Biden’s budget aims to cut the deficit
President Biden’s 2023 budget request aims to reduce the federal budget deficit by $1 trillion over a decade as the administration seeks to blunt the impact of America’s years-long borrowing spree.
The budget estimates deficits at $14.4 trillion over the next decade, down from the current estimate of $15.4 trillion. He also notes that the deficit this year is set to shrink by more than $1 trillion, which would be the largest single-year decline on record.
Some of that winnowing will come from raising taxes on the wealthy and corporations, with about $1.5 trillion of that revenue going toward deficit reduction.
The focus on deficits is a game changer for Washington, which has spent the past few years borrowing huge sums of money to pay for pandemic aid, additional government spending and huge tax cuts. But the ballooning deficit has started to become a political issue for Mr Biden, with members of his own party criticizing the gap between what America spends and what it takes in and citing it as a reason to reject additional spending to finance the president’s policy. initiatives.
Mr Biden briefly mentioned his deficit reduction efforts in a statement accompanying his budget, saying his policies would further close the gap through “economic growth that has raised incomes and ensuring that billionaires and big companies pay their fair share.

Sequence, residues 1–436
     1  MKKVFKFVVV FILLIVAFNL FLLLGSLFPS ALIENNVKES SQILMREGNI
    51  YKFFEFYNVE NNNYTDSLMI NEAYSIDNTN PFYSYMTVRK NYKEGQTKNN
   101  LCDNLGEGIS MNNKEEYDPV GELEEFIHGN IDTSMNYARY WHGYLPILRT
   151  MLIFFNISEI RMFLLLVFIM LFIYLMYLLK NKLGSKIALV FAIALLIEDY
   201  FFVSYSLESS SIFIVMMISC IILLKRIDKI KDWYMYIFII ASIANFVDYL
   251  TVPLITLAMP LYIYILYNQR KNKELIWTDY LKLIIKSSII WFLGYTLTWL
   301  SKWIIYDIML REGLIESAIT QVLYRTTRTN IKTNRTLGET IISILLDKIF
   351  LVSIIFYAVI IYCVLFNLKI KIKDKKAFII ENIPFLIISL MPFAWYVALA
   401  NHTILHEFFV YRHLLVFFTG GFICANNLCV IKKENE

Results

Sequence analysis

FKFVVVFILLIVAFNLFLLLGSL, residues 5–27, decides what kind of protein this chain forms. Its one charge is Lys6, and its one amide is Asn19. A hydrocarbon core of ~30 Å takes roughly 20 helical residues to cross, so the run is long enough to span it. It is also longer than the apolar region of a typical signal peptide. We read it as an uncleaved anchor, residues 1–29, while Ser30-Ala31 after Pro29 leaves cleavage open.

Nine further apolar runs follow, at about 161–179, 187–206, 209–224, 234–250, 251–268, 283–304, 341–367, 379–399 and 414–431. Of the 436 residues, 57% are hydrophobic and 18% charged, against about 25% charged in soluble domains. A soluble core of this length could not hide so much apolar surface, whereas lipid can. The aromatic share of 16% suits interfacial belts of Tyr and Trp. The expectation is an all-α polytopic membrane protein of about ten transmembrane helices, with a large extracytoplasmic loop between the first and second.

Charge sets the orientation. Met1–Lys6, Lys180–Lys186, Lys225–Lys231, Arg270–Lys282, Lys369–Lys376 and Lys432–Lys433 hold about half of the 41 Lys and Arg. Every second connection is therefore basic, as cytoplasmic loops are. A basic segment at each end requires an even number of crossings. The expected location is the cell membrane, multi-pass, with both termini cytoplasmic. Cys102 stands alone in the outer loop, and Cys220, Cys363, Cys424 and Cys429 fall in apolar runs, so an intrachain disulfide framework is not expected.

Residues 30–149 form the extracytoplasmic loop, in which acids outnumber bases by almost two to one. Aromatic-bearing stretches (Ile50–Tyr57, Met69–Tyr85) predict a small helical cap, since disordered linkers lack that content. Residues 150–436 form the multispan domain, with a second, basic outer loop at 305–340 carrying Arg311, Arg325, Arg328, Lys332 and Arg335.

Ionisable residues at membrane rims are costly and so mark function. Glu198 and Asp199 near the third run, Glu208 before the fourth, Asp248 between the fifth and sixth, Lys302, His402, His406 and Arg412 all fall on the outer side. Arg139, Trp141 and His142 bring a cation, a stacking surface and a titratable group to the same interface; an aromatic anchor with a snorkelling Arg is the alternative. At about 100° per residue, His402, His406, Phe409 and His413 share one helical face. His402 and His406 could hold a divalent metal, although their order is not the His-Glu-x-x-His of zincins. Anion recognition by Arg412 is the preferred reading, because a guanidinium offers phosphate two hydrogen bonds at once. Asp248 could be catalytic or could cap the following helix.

Still, budget watchdogs have warned that the country’s debt levels remain dangerously high as a share of the economy.
“Unfortunately, this budget leaves debt on an unsustainable path and lacks important detail about how it would structure the core of its agenda or address provisions that are due to expire,” said Maya MacGuineas, chair of the Committee for a Responsible Federal Budget. .
MacGuineas praised the Biden administration for taking deficit reduction seriously, but said more needed to be done.
“The $1 trillion in net deficit reduction requested in this budget should be a floor, not a ceiling, on the amount of savings to be achieved this year,” she said.
The budget does not reflect legislation currently being negotiated in Congress, but the White House assumes such legislation will not add to deficits in its projections.
The focus on deficit reduction seemed, at least in part, intended to win over lawmakers such as Senator Joe Manchin III, a Democrat of West Virginia, who has repeatedly balked at supporting government spending proposals. Biden administration due to concerns over the national debt.
Last year, Mr. Manchin repeatedly forced the White House and Senate Democrats to scuttle legislation that would have increased spending on climate change policies and the social safety net.
While the economic recovery and shrinking stimulus spending in the wake of the pandemic explain much of the reduction, new proposals, such as raising taxes on the wealthiest Americans, could help close the gap. between what the United States spends and what it brings in through taxes and other income.
In addition to courting Mr. Manchin and other moderate Democrats, the White House has also appeared keen to deflect criticism from Republicans who have worked to frame the White House’s agenda as fiscally irresponsible ahead of the upcoming midterm elections. .
“My administration is on track to reduce the federal deficit by more than $1.3 trillion this year, cutting the deficit in half from the last year of the previous administration and delivering the largest deficit reduction on one year in the history of the United States,” Mr. Biden said in a statement accompanying his budget request.